If I became aware of myself as a conscious observer/participant in the universe one time then that proves it’s possible. What can happen once can and probably will happen again.

    Thus I really tend to discount the atheist belief that consciousness is an accident, a one-time event, and when you check out, take the old dirt nap, you’re gone forever. That’s an irrational conclusion. The rational conclusion is that what happens once will, given enough time and opportunity, happen again.

  5. 5
    DaveScot says:

    Paul

    I don’t really care for the demarcation between design and materialism like they must somehow logically be separate.

    The thing about materialism over the course of human inquiry, is that the domain of the known material universe keeps expanding because we keep discovering new forms of material.

    Right now, physicists and cosmologists are puzzling over something known only as “dark energy” which they think is 10 times more abundant in the universe than the material which makes up our bodies, our planet, our sun, our galaxy, and everything else we can see or detect in some fashion.

    Just several years ago if you’d said there’s an unseen, unfelt force in the universe that exists everywhere, permeates everything, and there’s 10 times as much of it as anything felt or seen, then this force you spoke of would be labeled “supernatural” and you’d be labeled a paranormal crank for supposing it existed.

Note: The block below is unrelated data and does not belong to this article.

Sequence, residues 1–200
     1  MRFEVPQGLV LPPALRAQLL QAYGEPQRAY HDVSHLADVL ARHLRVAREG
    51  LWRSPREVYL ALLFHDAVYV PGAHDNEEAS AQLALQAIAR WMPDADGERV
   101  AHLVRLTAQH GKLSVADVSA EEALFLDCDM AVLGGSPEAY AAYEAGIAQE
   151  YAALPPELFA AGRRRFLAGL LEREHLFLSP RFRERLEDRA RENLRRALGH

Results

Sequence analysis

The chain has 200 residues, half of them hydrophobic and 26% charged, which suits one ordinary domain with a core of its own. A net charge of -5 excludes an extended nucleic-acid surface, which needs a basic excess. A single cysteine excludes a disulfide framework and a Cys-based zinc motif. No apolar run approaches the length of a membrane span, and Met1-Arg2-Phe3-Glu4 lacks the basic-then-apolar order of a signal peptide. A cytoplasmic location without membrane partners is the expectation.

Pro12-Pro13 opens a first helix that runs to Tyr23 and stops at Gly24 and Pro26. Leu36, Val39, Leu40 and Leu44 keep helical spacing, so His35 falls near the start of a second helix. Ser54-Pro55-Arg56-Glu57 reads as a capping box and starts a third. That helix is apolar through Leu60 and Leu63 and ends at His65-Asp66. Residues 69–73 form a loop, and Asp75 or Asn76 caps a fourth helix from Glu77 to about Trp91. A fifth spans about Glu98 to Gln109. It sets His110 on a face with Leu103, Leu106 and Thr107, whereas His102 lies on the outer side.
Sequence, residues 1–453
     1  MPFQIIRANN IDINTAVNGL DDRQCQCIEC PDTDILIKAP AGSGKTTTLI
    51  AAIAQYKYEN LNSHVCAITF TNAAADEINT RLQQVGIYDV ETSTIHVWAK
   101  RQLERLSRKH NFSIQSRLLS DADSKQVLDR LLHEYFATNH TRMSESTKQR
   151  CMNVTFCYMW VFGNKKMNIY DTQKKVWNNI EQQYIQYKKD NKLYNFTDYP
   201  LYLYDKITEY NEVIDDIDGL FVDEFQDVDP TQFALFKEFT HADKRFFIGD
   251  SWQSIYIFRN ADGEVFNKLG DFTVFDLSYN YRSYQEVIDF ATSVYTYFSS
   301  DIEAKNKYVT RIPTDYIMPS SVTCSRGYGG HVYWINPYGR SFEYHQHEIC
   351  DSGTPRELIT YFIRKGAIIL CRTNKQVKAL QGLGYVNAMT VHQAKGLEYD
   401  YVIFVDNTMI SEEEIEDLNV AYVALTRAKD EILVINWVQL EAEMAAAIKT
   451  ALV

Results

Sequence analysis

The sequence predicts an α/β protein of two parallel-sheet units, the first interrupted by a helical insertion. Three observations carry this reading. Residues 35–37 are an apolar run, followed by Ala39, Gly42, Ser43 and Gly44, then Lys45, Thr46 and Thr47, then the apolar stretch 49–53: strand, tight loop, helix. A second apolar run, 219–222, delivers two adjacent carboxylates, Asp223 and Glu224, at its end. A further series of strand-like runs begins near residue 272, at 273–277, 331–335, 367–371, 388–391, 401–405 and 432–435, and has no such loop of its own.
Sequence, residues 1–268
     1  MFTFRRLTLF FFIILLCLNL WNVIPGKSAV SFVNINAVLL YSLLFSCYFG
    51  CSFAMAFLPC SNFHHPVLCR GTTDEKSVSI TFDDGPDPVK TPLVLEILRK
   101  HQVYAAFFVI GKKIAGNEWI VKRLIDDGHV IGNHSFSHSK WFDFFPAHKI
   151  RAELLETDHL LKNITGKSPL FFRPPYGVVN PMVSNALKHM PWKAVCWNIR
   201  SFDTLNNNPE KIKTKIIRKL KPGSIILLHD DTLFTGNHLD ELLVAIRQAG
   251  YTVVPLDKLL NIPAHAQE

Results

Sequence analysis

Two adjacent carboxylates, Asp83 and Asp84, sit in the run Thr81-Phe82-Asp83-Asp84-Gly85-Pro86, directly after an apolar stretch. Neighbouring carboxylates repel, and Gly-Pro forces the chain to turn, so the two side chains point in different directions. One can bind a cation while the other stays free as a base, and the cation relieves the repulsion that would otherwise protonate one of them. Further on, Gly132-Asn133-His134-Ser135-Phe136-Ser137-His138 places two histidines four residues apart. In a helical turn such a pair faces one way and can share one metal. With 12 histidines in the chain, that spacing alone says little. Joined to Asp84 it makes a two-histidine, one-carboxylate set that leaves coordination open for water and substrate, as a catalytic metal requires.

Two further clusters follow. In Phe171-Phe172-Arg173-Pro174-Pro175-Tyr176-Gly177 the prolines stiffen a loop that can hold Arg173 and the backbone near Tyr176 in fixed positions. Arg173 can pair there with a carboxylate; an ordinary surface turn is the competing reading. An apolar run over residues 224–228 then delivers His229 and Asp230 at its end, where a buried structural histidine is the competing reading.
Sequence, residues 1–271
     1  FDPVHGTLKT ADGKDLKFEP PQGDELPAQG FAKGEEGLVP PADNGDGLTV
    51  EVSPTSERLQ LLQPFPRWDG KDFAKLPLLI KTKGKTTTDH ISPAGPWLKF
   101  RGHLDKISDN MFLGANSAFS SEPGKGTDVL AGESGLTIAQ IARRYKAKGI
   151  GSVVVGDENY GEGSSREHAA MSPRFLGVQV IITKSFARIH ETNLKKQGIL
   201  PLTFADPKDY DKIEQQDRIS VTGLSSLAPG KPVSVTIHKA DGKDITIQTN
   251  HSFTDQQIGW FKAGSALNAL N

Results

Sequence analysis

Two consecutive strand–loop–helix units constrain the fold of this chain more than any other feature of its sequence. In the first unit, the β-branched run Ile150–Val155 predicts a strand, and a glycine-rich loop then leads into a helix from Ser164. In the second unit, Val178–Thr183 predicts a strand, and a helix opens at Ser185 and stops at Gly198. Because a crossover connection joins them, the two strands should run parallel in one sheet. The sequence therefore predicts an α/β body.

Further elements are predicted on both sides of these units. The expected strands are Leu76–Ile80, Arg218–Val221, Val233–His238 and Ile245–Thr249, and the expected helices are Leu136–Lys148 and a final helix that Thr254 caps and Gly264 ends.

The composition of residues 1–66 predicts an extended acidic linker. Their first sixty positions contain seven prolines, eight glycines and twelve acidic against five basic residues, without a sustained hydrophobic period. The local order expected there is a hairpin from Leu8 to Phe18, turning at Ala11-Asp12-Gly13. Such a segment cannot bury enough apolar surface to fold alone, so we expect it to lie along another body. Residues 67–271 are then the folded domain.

But today we think we detected this force through gravitational anomaly and it’s no longer supernatural but rather a valid avenue of scientific inquiry.

    So I hesitate to draw stark lines between natural and supernatural. Today’s supernatural force is tomorrow’s natural force. “Materialism” expands and/or is modified to accomodate new knowledge. So-called materialists are as guilty as anyone else of falsely painting materialism into a corner from which it cannot escape. Every time it appears to be neatly boxed into a corner like that it turns around and busts a hole in the wall and gets out of the box. We should learn from our mistakes, not repeat them.

  6. 6
    StephenB says:

    —–Dave: “If I became aware of myself as a conscious observer/participant in the universe one time then that proves it’s possible. What can happen once can and probably will happen again.”

    —–“”

    Thus I really tend to discount the atheist belief that consciousness is an accident, a one-time event, and when you check out, take the old dirt nap, you’re gone forever. That’s an irrational conclusion. The rational conclusion is that what happens once will, given enough time and opportunity, happen again.”

    Yes, that makes sense. I think your argument is unassailable.

  7. 7
    StephenB says:

    —–Dave: “I don’t really care for the demarcation between design and materialism like they must somehow logically be separate.”

    I hope that someone takes the time to stretch out on this subject sometime. The ancient Greeks did propose some sort of a rational principle in nature that was nevertheless impersonal.

    On the other hand, I don’t understand how you get design without “intentionality,” which, it would seem, requires personhood. I find this subject utterly fascinating. I come down on the side of equating design with personhood, but I would like to hear more from those who disagree. How does nature plan for itself?

  8. 8
    johnnyb says:

    DaveScot –

    I think the difference is that “materialism” refers to things which operate entirely according to non-creative acts. That’s the divide. The materialists don’t like the idea of something which is truly able to be creative, but instead want to reduce it to non-creative forces.